I want to share my experiences of living on the Autistic Spectrum with you.
Growing up as a young child my parents always thought that there was something different about me. I didn't learn to speak until I was 2, which for anyone that knows me well enough, will find this hard to believe! I struggled to make meaningful friends during my years at primary school, and only through persistence from my parents was I referred to Great Ormond Street Hospital. After a series of neurological, cognitive and behavioural tests, Professor Neville confirmed that I had Asperger's Syndrome, which is a form of high functioning Autism.
I was lucky that I was diagnosed when I was 10, or so I thought back then. Despite being diagnosed with Asperger's Syndrome, I struggled during my secondary school years to fit in, but also struggled to find a reason to work hard as I thought people like me won't get the same opportunities as so called 'normal people'. I left school with very little in the way of meaningful qualifications and in truth no direction or focus with how I wanted to live my life.
I had a number of short term work placements but could never hold down these opportunities. I felt that the employers did not understand Asperger's Syndrome, but also, I had not mentally accepted that I was different, so was unwilling to talk about my disability in a frank and honest manner. For me two turning points in my life started me on the road to acceptance of Asperger’s Syndrome.
Firstly, passing my driving test after numerous failed attempts (six in total) but the faith and belief my dad showed in me and the courage and determination I demonstrated started to give me the belief that I could achieve the same as my peers if I showed the necessary resilience and courage.
The second opportunity was the faith and loyalty that my current employer showed in me. They took me on as a work placement as part of a drive to get more disabled candidates into the workforce. They allowed me to grow and develop as a person, but they also showed tremendous patience towards me even when I was not performing to the level of my fellow colleagues. They allowed me to do three months’ work experience with them and then gave me the opportunity to have a permanent contract with them.
They have honestly helped develop and grow me as a person and an employee
They have honestly helped develop and grow me as a person and an employee and for what they have done for me I cannot thank them enough. They in many ways have helped me accept and realise my potential and that my disability should be seen as a strength and not an inhibitor to a normal or successful life. Yet despite the fact that I have found my direction and focus with my life. This only came about because of the tremendous people around me who have shown me patience and care beyond belief.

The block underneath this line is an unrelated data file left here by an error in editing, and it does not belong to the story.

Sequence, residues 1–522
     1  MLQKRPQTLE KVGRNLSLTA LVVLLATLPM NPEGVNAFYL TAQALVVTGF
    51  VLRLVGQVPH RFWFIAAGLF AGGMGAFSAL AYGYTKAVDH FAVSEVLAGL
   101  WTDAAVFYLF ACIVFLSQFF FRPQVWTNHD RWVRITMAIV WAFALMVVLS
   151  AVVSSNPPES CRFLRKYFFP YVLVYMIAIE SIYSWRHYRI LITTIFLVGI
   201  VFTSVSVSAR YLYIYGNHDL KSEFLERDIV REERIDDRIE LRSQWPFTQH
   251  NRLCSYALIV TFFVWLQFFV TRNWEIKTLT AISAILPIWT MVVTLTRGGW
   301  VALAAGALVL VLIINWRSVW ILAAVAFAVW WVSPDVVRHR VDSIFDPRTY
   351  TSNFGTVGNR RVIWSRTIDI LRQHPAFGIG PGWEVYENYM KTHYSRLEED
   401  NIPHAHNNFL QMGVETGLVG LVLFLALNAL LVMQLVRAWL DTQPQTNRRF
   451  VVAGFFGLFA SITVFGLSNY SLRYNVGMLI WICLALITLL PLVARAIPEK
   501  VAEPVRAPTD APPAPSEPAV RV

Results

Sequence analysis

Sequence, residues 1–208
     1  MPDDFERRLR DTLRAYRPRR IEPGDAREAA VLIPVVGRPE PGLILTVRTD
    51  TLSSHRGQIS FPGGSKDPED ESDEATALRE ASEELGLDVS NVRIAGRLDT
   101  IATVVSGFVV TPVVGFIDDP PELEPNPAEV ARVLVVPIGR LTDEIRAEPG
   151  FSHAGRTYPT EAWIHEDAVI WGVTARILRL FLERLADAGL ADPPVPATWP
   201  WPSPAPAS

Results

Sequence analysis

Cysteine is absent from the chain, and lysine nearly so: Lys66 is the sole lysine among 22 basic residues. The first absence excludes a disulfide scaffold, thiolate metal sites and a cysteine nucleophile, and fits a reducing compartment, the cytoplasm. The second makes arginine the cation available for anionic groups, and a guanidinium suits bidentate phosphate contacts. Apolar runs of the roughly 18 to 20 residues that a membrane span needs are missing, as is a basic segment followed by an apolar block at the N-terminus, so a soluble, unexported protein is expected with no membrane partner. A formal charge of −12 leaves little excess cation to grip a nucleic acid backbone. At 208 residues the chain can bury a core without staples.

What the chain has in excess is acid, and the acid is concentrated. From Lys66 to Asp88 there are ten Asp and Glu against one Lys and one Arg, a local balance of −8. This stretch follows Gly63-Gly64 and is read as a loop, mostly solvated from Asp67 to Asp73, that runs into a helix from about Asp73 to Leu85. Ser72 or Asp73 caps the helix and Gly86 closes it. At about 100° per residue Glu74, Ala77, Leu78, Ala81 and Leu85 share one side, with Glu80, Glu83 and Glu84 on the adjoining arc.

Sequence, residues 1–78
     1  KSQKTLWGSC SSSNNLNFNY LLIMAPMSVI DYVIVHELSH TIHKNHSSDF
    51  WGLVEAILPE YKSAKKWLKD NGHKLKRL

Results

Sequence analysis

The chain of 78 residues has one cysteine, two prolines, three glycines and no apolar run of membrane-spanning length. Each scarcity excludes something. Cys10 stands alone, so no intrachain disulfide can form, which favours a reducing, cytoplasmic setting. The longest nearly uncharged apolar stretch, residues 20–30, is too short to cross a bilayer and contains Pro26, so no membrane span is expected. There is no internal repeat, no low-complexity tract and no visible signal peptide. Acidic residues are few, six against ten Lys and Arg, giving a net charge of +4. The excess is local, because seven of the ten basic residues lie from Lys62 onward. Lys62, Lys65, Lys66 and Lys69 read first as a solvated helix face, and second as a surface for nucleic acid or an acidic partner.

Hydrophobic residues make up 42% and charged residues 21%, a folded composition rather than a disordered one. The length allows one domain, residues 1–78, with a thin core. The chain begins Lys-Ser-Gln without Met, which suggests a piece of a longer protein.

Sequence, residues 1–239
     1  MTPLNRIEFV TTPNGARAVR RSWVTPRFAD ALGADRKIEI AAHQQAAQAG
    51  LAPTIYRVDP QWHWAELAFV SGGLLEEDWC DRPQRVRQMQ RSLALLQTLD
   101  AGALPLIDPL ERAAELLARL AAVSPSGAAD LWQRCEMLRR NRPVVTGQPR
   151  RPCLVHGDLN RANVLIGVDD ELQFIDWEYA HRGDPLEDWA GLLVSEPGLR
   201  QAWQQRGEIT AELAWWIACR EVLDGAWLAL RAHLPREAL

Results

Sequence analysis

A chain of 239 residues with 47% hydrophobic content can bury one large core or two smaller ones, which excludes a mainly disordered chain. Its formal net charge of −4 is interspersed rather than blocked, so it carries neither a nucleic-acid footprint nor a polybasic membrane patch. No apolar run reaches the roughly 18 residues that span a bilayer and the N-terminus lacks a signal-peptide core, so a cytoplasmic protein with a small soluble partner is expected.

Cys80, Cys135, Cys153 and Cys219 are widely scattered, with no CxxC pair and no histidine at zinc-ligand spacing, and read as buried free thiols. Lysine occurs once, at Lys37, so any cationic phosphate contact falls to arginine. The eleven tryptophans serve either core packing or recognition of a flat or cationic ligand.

These people have also seen in me that I can deliver a normal life for myself and my loved ones. I am one of the lucky ones, today in this country only 14% of people with Asperger's Syndrome are in full time employment. To me this is societies loss, that in a modern open-minded, supposedly tolerant, meritocratic society we cannot give all our citizens the same equal opportunities regardless of whether they have a disability or not. I ask of you what it will take for society to change its views on people with Asperger's Syndrome?
In light of the recent media coverage placing an increased awareness of equality in the workplace, particularly the closing of the gender pay gap and exposing of sexual harassment in the workplace, this is the time for society to come together as one and treat people with Asperger's Syndrome and those on the Autistic Spectrum equally and fairly.
I want to see employers taking meaningful action to employ or consider for interview people with Asperger’s Syndrome
I don't just want people to share my post or share the posts of others, I want to see employers taking meaningful action to employ or consider for interview people with Asperger’s Syndrome. We are not mentally ill, we do not have learning disabilities, we are just neurologically different and now is the time to educate people on what Asperger’s Syndrome and Autism is.
We are the ones living with it and if we can educate people about it then we can reduce ignorance, reduce intolerance and increase acceptance and opportunity for those living on the spectrum. So, the next time you see someone behaving slightly differently, or are maybe socially awkward, think 'do they have Asperger's Syndrome?' Words and rhetoric always sound nice, but meaningful action and change will ultimately yield results and equitability for those like myself and many thousands of others living in the UK with Asperger's Syndrome.
So, the next time, as an employer, you receive a CV or personal statement from someone with Asperger's Syndrome, think 'could this person be an asset to my business, should I take a chance on them?'
If you have a story or insights linked to Neurodiversity to share, then please get in touch.